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Catawba Riverkeeper Joins Suit Against New-Indy Paper Mill

A large factory plant, the New-Indy paper mill, is located along the Catawba River, with pools of waste visible from this bird's eye photo, surrounded by forest.
The New-Indy Paper Mill is located in Catawba, South Carolina, about 30 miles south of Charlotte. (Photo courtesy of Catawba Riverkeeper Foundation)

The Catawba Riverkeeper Foundation (CRF) announced Thursday that it has joined a lawsuit against the New-Indy Catawba paper mill, located about 30 miles south of Charlotte in Catawba, South Carolina, claiming the mill has violated federal pollution statutes in its waste disposal and storage practices.

According to a press release from CRF, a nonprofit advocacy organization focused on the Catawba-Wateree River Basin, its representatives with the Southern Environmental Law Center have filed a motion to intervene in an existing citizen case against the mill that was filed on Feb. 13. CRF hopes its intervention secures the industrial waste cleanup stored on the banks of the Catawba River, according to the release. 

In November 2020, two years after New-Indy Containerboard, LLC and New-Indy Catawba, LLC — both Kraft Group, LLC and Schwarz Partners LP subsidiaries — purchased the paper mill from Resolute FP US Inc., the new owners converted the mill from white paper to brown paper containerboard, resulting in increased production and higher emissions. 

Nearby residents almost immediately began reporting an increase in air pollutants and overwhelming odors. 

Although there are several active cases against New-Indy that relate to the smell emitted by the mill going back to May 2021, the case CRF is joining — Chin et al v. New-Indy Catawba LLC — concerns alleged violations of the Clean Water Act and Resource Conservation and Recovery Act.

In October 2022, testing revealed the groundwater surrounding the mill’s property contained dioxins and numerous other hazardous substances and constituents of concern, including iron, lead, benzene, trichloroethene, chlorobenzene, and other chemicals, the website states.

A man in a kayak holds a bottle of water that he just removed from the river near pipes coming from the New-Indy paper mill.
The Catawba Riverkeeper carries out sampling near the New-Indy Catawba paper mill.

Additionally, sampling results indicated for the first time “a likely pathway of exposure” from several points on the property containing those substances to the nearby Catawba River. As a result, citizens filed notice of intent to sue for violations to the Resource Conservation and Recovery Act and the Clean Water Act.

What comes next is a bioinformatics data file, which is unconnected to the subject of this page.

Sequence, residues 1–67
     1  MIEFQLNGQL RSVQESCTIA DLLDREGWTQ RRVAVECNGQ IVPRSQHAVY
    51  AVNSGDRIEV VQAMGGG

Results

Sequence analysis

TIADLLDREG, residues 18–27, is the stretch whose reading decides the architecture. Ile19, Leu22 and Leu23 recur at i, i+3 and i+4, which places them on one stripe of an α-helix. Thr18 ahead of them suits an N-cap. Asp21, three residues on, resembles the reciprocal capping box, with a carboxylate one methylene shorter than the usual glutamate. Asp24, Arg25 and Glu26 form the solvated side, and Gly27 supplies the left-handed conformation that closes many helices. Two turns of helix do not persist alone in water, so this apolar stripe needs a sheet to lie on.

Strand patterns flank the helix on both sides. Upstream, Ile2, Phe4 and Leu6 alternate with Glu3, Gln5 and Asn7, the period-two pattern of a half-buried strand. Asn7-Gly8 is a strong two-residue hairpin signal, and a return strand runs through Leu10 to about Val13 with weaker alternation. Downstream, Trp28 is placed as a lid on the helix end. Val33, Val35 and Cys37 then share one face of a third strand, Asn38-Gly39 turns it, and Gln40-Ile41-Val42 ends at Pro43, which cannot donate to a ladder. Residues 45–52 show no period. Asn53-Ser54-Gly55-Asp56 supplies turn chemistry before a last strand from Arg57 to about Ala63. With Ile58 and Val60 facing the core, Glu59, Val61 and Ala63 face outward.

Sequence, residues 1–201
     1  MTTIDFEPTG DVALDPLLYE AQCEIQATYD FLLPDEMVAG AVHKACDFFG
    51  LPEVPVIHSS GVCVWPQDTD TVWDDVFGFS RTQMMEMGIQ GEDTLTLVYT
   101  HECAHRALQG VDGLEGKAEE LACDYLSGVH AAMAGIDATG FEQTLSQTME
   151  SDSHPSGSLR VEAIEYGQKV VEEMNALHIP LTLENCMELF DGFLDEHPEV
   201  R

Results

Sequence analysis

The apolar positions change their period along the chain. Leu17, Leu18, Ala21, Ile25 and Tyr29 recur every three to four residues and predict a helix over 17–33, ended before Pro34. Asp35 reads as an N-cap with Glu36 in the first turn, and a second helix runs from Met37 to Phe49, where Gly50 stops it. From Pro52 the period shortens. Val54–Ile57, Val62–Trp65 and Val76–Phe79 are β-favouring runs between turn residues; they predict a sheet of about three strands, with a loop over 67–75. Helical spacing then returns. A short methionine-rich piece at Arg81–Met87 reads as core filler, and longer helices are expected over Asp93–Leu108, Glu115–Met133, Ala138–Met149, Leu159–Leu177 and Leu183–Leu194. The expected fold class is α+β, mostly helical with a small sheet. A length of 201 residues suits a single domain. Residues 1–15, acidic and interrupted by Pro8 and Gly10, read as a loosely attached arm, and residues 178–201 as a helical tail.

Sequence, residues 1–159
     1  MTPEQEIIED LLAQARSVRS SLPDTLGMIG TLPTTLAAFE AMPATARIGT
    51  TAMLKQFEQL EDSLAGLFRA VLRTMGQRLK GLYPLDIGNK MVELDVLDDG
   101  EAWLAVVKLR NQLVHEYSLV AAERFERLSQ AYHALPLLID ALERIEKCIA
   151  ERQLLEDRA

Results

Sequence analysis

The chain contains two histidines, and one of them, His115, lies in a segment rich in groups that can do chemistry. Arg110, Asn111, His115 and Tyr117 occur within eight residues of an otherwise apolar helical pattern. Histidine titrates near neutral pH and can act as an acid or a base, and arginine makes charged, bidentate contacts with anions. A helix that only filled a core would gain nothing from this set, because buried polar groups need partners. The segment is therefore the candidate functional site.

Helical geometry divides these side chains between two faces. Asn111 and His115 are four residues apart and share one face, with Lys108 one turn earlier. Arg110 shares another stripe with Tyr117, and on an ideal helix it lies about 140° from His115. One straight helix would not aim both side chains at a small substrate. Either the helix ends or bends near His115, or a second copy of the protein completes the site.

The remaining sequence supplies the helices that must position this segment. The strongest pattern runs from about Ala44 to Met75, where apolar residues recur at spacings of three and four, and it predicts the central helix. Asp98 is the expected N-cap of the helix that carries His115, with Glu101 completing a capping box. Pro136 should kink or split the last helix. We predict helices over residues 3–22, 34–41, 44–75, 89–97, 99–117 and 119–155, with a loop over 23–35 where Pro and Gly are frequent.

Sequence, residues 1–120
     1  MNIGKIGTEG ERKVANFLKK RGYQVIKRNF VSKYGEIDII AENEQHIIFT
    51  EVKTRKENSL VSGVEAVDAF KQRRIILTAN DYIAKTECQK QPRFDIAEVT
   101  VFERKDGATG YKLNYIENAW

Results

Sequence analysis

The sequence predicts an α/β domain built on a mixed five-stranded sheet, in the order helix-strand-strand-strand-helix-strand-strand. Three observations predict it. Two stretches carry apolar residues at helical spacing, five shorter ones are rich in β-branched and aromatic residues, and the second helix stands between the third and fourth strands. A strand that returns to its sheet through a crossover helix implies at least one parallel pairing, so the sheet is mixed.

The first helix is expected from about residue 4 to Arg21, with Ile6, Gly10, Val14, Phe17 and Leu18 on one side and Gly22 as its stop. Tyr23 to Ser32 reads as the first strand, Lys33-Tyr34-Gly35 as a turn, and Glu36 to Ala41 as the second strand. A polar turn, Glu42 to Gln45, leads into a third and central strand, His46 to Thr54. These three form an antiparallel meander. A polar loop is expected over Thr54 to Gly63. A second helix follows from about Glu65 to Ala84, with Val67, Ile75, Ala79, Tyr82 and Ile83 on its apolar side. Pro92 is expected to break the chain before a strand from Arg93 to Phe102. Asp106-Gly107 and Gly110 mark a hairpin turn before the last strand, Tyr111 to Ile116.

The paper mill stores its waste in large, unlined lagoons near the banks of the Catawba River. 

According to a New-Indy emissions litigation website organized by interim co-lead class counsel in the New-Indy emissions litigation, nearly 1 million North Carolina and South Carolina residents “have been and continue to be exposed to potential illness-causing contamination through breathing and being generally exposed to the contaminated air and groundwater.”

This isn’t the first time CRF has stepped up to fight for the Catawba and its inhabitants. In a state and federal court case spanning eight years fighting Duke Energy’s coal ash waste storage practices, CRF helped ensure Duke’s responsibility for a full clean-up of its sites’ coal ash pits.

Learn more: A Contemporary History of the Catawba River Coal Ash Battle

Coal ash, the waste that remains after burning coal to produce electricity, contains toxic heavy metals including arsenic, boron, lead, mercury, selenium and chromium. If not managed and stored properly, those toxic contaminants can pollute streams, lakes, rivers, groundwater, drinking water and the air we breathe. Exposure to the toxins can lead to cancer, birth defects, gastrointestinal illnesses and reproductive problems.

For nearly eight years, the CRF led the charge in state and federal court to fight Duke Energy and ensure coal ash cleanup. While Duke Energy had already begun to shut down or transition its coal-burning plants before 2019, the settlement ensured that it would be responsible for a full clean-up at all of its sites.

Thursday’s release drew a comparison between the two cases: “Like the millions of tons of coal ash now being excavated from sites along the Catawba as a result of prior litigation, papermill waste is being stored in large unlined lagoons near the banks of the Catawba River. Our goal is to protect current and future users by requiring the removal of New-Indy’s waste from unlined storage near the river.”

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